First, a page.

Obamacare and the Recovery, in One Chart

Click to enlarge


The source for the underlying chart is the Department of Labor blog, with my annotations added.

Postscript:  In most cases legislation is anticipated to pass well in advance and one could argue the effects of it show up even before the signing date.  But in this case whether the PPACA would pass was a nail-biter to the last moment.


  1. mesaeconoguy:

    It was more than a nail-biter: They had to shove it thru in the dead of night to get it “passed.”

    But the robust debate leading up to it gave a pretty clear picture of employer/employment impact, and so far it is as anticipated.

    A huge job killer.

  2. Harry:

    QED, Coyote.

  3. Eric Johnson:

    How to lie with charts.

    You are basically making the same mistake that Alan Goolsbee made. Take a look at the following video which breaks down exactly how his chart is misleading.


    The whole critique is good, but the portion relevant to Coyote's mistake is found at about 9:30 into the clip.

  4. Ted Rado:

    It appears that we are headed fopr total chaos with the onset of Obamacare. It is so complex and laden with red tape that it will be impossible to manage. Oh, well. The USG screws up everything else, so why not this?

  5. marque2:

    The chart deviates from the pattern of a normal recovery. Usually you have 3 - 4 quarters of very heavy hiring, and then it goes down to some normal level.

    This time around that didn't happen. Whether there is a logical fallacy or not. The current recover deviated significantly from previous ones.

    The question is why? Could it be economic killing legislation per libertarians, or greedy banks still in control, with oil and pharmaceutics companies, as the lefties like to claim?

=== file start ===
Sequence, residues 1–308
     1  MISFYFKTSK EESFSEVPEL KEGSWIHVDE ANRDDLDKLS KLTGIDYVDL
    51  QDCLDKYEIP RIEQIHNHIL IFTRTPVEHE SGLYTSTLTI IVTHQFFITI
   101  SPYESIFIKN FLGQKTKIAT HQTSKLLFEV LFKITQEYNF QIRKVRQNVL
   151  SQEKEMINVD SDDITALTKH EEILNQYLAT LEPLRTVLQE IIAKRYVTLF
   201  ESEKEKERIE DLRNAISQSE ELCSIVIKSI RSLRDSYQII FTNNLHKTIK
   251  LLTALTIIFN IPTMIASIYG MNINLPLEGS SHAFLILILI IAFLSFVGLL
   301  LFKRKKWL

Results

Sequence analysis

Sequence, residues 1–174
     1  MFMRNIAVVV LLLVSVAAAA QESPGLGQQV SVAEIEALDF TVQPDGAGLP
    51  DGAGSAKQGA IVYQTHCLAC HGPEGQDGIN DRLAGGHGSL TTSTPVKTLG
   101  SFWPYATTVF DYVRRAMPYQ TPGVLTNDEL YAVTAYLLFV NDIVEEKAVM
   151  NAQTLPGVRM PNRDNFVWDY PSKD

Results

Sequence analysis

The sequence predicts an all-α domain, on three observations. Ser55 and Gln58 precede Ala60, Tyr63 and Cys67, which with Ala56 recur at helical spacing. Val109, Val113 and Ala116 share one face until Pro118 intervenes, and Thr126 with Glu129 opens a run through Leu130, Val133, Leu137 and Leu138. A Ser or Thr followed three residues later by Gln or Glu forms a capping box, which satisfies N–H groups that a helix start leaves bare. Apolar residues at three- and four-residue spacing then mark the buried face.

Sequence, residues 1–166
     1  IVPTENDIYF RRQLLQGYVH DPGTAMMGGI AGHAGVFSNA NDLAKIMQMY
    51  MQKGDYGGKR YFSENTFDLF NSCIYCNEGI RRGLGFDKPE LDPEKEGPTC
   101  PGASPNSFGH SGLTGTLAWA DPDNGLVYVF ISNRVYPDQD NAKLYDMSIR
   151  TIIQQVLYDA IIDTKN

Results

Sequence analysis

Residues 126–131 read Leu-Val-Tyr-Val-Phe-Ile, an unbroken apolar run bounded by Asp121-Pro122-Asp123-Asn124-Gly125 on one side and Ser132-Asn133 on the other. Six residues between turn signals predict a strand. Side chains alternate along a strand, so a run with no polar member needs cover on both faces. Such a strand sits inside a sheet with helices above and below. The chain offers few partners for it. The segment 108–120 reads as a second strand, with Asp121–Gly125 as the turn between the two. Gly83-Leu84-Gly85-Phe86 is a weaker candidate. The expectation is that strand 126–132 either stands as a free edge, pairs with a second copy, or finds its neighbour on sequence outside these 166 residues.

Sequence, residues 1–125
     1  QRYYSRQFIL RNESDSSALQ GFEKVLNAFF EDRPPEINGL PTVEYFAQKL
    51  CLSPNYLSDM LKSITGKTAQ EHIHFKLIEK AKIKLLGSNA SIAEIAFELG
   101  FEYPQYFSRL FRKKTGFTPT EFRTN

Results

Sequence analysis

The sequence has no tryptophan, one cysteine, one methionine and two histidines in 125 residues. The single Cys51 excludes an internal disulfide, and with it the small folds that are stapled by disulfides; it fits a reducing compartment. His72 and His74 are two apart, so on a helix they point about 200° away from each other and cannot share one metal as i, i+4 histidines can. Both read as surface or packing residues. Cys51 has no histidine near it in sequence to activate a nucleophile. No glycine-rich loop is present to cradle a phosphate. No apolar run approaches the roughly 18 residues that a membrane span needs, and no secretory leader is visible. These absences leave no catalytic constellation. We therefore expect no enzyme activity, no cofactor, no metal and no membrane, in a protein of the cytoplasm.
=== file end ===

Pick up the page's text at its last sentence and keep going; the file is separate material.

6. Eric Johnson:

    My critique is has nothing to do with logical fallacies (i.e. post hoc ergo proptec hoc).

    The chart is presented as if the passage of PPACA was causal. If you are going to make that claim, you shouldn't be presenting data based on the second derivative of employment. You should focus on the nominal employment number or maybe the first derivative.

    Bear in mind that I actually AGREE that PPACA was a bad idea. However the chart really doesn't nothing to prove that point.

  7. marque2:

    Economics is a hard field, just about nothing can be done to prove a point, because there are so many variables. So yes the evidence is always a touch circumstantial What would be nice is some explanation relating why the legislation proved to have an instant effect on hiring. Personally though, I think that has been beat into the ground. Companies instantly stopped hiring because of uncertainty to to this and similar bank reform legislation, and decided to go through another round austerity, rather than plan for growth.

  8. mesaeconoguy:


    As Marque2 observes, we should have seen a continued strong hiring trend past the second positive month. We didn't.

    Also, change is first derivative of the underlying nominal employment number, not second.

  9. Eric Johnson:

    The upward sloping arrow represents the sign of the second derivative. That is the discontinuity that the graph highlights.

  10. mesaeconoguy:

    Ah, ok, but again, that trendline would look very different had a “normal” hiring rebound occurred…